Return of the Creature Feature Man

HIDEOUS! BLOOD-CHILLING CAMPY! The scene outside Hollywood National Studios in the heart of Los Angeles is worthy of a B-movie poster. SEE a bedraggled line of 50 hopeful young actors grotesquely made up as werewolves and she-wolves! HEAR them bay, growl, shriek and grovel as they try out for the title role in a remake of the 1957 schlock shocker I Was a Teenage Werewolf! MARVEL at the mild-mannered, rotund, cigar-chomping impresario standing nearby whose feverish brain concocted this midday madness!

“Cigars keep werewolves away,” quips producer Samuel Z. Arkoff, 74, as he waves his $2.50 Romeo y Julieta and calmly surveys frantic local TV-news crews covering his monster publicity stunt. After a decade out of the low-budget limelight (producing clinkers like Q: The Winged Serpent), the legendary King of the B’s is back in biz, this time holding open auditions, hoping to discover the next Michael Landon (who grew fur and fangs in the original Werewolf) and to showcase other new faces as he did with the likes of Linda Evans and Jack Nicholson in their fledgling careers (see page 118).

Whether cruising down Sunset Boulevard in his 1976 red Cadillac Eldorado convertible or firing up another cigar in his modest office near the Warner Bros. lot, Arkoff remains the master showman. As he recounts in his recently published autobiography, Flying Through Hollywood by the Seat of My Pants (Birch Lane Press), Arkoff and his partner at American international Pictures, James Nicholson (who died in 1972), promoted 1959’s A Bucket of Blood (“You’ll be sick, sick, sick—from LAUGHING!” warned its poster) by urging theater owners to stage blood drives with their local Red Cross chapters.

His office walls are also splashed with colorful history: posters for Day the World Ended (“The screen’s new high in NAKED SHRIEKING TERROR!”), Dillinger, Female Jungle, and other memorabilia from his glory days at AIR which churned out more than 500 youth-oriented horror, sci-fi, beach and biker flicks between 1954 and 1980 (when the studio merged with Filmways). Directly behind Arkoff’s desk hangs an abstract painting of a herd of horses. “I’ll tell you why I bought it,” Arkoff says with typical bluntness. “This picture shows that there are more horse’s asses than there are horses. And very often I have somebody in here who irks the livin’ bejesus out of me. And I say, ‘You know, you remind me of this picture.’ ”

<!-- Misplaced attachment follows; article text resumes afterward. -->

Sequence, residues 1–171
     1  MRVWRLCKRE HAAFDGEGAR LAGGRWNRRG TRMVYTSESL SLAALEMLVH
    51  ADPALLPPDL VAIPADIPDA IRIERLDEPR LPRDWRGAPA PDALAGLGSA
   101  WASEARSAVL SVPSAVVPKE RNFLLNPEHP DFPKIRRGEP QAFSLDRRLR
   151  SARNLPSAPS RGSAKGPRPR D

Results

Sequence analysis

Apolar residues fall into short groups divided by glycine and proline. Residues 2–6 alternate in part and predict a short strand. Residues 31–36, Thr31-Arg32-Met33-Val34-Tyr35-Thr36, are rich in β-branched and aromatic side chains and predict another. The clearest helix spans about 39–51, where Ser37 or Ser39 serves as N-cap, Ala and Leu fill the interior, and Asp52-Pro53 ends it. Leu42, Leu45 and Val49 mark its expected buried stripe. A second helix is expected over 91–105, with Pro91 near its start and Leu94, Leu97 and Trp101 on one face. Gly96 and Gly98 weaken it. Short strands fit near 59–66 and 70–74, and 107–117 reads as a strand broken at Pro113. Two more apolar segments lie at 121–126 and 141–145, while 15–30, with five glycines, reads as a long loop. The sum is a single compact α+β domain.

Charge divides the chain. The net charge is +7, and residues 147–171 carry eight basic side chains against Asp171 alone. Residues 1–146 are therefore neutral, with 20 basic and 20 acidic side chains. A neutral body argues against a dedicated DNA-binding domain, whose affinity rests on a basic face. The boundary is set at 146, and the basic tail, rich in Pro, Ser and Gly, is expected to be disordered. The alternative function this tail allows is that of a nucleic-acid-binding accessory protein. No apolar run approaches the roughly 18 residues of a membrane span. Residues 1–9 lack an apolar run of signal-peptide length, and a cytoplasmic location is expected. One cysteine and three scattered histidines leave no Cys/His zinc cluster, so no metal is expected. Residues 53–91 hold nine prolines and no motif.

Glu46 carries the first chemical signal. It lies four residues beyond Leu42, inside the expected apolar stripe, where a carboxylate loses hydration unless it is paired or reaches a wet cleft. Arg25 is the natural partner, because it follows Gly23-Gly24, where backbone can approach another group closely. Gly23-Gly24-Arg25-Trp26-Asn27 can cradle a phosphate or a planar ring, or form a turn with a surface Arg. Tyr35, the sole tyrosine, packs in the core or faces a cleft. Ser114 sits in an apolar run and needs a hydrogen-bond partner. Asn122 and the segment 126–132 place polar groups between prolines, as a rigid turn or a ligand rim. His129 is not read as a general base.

In the twilight world of low-budget filmmaking, Arkoff is renowned for his savvy horsemanship. “Sam used to talk about himself as a poor country boy from [Fort Dodge] Iowa,” says Roger (Attack of the Crab Monsters; Little Shop of Horrors) Corman, who directed dozens of AIP films. “He is actually one of the smartest producers I have ever met.”

At 35, Arkoff gave up his entertainment-law practice and with Nicholson, a former movie-house manager, invested $3,000 to start their own production and distribution company. “Sam and Jim were among the first to realize that the bulk of the audience were teenagers,” says Corman. “In the ’50s and ’60s, they took a lot of business away from the major studios and were taken seriously.”

Well, not always. Exhibitors were underwhelmed by titles such as The Beast with 1,000,000 Eyes (which was actually a teakettle that Arkoff had poked with 40 holes). But, oblivious to their detractors, Arkoff and Nicholson Beach Partyed on, grooming such fledgling directors as Francis Ford Coppola (Dementia 13), Martin Scorsese (Boxcar Bertha) and Oliver Stone (Seizure). Their protégés’ subsequent fame eventually rubbed off on Arkoff, who was honored in a 1979 retrospective of his films at New York City’s Museum of Modern Art and who, last spring, was invited to give two lectures on filmmaking at Harvard. “An Iowa boy goes to Harvard!” he exclaims.

But fame hasn’t gone to his head. “He takes everything with a grain of salt, and he has never taken himself seriously,” says his wife, Hilda, 76, a sculptor. “He’s unpretentious.” Indeed, he and Hilda, who have been married 46 years, still live in the same three-bedroom house in Studio City, Calif., that they built in 1957.

Their daughter, Donna, 40, married to 20th Century Fox studio head Joe Roth, has just produced her first film for MGM, Benny and Joon. Sam and his son, Louis, 42, also a producer, are about to embark on a $20 million remake of Machine Gun Kelly for Columbia. Unlike some friends his age who are now golfing in Palm Springs, Arkoff says he has “a horror of retiring. In my opinion, that’s death. So give me these little pictures, big pictures, whatever kind. It keeps the blood coursing through my veins.”

Horror? Death? Blood? Sam, have we got a poster for you!



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